Happiness in general and at work: A phenomenological study with U.S. southern professional African American women

by Thomas, Lorna, Ph.D., CAPELLA UNIVERSITY, 2014, 245 pages; 3635933


The pursuit of happiness has been an age-old quest for many people and has become a topic of repeated interest in recent years. At a time when depression, sickness, and high suicide rates have been presented as some of the negative side effects of unhappiness, the study of happiness has become an issue of importance for organizational leaders and society as a whole. The research problem for this study was the decline in happiness for women in the United States, even though the lives of women have improved over the past 35 years. Previous research indicated that African American women were not experiencing the same levels of decline in happiness as women of other races. Fifteen professional African American women from a U.S. southern state were interviewed for this phenomenological study. The data were analyzed from the transcripts from each interview using the modification of the van Kaam method of analysis of phenomenological data. Eleven core themes emerged from the data; the findings indicated these professional African American women were happy in general and at work when they felt supported, had good work–life balance, were self-aware, held a strong religious belief, experienced feelings of thriving and appreciation, and had opportunities to perform altruistic acts. Also, the women were happy when their work was meaningful and challenging and when they were able to establish and maintain interpersonal relationships at work and in their social lives. The findings further showed that women who are happy at work are usually happy in their personal lives and vice versa. The researcher concluded when the needs of the organization's human resources are met and employees are happy in general and at work, the business will function efficiently and effectively and will ultimately thrive. Future research in the study of happiness among women is recommended to examine women who are unhappy at work and in general, men who are happy at work, and women who do not work in a professional field but claim to be happy.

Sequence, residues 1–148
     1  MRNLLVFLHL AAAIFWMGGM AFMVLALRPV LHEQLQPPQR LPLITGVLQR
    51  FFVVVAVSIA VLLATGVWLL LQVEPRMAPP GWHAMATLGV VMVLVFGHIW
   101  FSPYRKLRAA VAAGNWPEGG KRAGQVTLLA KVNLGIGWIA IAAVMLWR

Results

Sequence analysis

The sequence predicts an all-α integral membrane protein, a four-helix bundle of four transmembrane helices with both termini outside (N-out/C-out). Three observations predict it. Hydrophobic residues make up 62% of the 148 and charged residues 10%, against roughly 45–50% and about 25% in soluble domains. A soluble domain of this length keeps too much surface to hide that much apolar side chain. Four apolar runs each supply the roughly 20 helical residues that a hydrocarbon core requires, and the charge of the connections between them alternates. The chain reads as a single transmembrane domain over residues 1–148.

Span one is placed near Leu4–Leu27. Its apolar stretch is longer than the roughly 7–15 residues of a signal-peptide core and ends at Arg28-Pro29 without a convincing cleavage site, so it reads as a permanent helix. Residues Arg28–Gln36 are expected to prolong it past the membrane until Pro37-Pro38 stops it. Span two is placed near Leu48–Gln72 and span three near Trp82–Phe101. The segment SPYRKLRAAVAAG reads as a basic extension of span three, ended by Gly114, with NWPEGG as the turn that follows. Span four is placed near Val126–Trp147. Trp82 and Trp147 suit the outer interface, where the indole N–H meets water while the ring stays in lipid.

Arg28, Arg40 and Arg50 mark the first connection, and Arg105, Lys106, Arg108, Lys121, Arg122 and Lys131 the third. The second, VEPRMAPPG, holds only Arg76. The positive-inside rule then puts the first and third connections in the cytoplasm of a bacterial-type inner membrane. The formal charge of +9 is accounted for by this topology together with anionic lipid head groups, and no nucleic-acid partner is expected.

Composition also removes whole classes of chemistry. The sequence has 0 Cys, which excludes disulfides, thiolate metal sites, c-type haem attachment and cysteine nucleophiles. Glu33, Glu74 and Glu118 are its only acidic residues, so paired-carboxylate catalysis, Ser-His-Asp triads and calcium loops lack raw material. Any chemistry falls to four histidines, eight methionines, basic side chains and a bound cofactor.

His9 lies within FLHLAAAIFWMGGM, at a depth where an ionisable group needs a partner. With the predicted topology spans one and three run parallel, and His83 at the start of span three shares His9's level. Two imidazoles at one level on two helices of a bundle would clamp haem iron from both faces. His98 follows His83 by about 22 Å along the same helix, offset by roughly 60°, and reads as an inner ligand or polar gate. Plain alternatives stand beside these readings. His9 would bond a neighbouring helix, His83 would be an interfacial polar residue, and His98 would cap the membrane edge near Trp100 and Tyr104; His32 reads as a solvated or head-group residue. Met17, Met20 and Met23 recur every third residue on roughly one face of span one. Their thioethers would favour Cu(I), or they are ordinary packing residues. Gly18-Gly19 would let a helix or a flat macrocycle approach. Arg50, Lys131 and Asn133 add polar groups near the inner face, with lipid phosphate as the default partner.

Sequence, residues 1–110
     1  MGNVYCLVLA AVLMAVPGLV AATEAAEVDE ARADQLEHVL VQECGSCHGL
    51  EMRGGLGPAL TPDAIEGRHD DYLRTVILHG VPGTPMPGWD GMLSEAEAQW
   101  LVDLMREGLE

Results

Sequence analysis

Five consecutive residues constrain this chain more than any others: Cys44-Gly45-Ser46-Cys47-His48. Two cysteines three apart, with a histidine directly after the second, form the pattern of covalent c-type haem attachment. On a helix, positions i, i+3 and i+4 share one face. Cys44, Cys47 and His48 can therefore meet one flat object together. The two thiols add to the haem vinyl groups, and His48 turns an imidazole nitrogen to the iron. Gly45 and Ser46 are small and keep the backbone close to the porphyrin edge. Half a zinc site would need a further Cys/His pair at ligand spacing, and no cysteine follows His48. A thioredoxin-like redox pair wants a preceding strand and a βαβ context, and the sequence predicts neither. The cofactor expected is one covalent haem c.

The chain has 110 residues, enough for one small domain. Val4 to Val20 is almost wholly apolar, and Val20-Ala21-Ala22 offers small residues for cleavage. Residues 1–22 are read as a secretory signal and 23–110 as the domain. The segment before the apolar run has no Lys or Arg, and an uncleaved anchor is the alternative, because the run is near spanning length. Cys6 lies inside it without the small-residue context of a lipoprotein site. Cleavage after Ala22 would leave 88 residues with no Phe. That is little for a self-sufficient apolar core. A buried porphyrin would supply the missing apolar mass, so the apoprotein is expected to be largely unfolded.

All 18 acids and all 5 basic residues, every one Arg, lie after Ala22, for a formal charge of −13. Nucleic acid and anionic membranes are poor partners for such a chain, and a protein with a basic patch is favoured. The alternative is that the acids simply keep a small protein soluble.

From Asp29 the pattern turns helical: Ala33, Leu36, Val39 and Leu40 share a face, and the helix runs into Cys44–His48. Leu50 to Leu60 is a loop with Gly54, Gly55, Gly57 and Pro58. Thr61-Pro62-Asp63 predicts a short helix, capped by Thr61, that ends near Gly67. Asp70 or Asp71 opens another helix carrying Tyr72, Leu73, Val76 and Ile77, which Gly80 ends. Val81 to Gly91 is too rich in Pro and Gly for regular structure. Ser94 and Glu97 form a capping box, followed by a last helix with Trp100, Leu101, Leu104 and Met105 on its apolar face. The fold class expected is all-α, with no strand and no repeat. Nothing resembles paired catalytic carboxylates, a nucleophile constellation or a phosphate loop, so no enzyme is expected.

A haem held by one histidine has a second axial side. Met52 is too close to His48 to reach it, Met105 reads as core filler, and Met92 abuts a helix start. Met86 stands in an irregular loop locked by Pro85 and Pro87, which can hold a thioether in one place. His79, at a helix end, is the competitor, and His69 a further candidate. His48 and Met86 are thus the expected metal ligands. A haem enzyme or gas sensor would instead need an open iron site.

AdviserRubye Braye
Source TypeDissertation
SubjectsAfrican American studies; Black studies; Women's studies; Management; Occupational psychology; Personality psychology
Publication Number3635933

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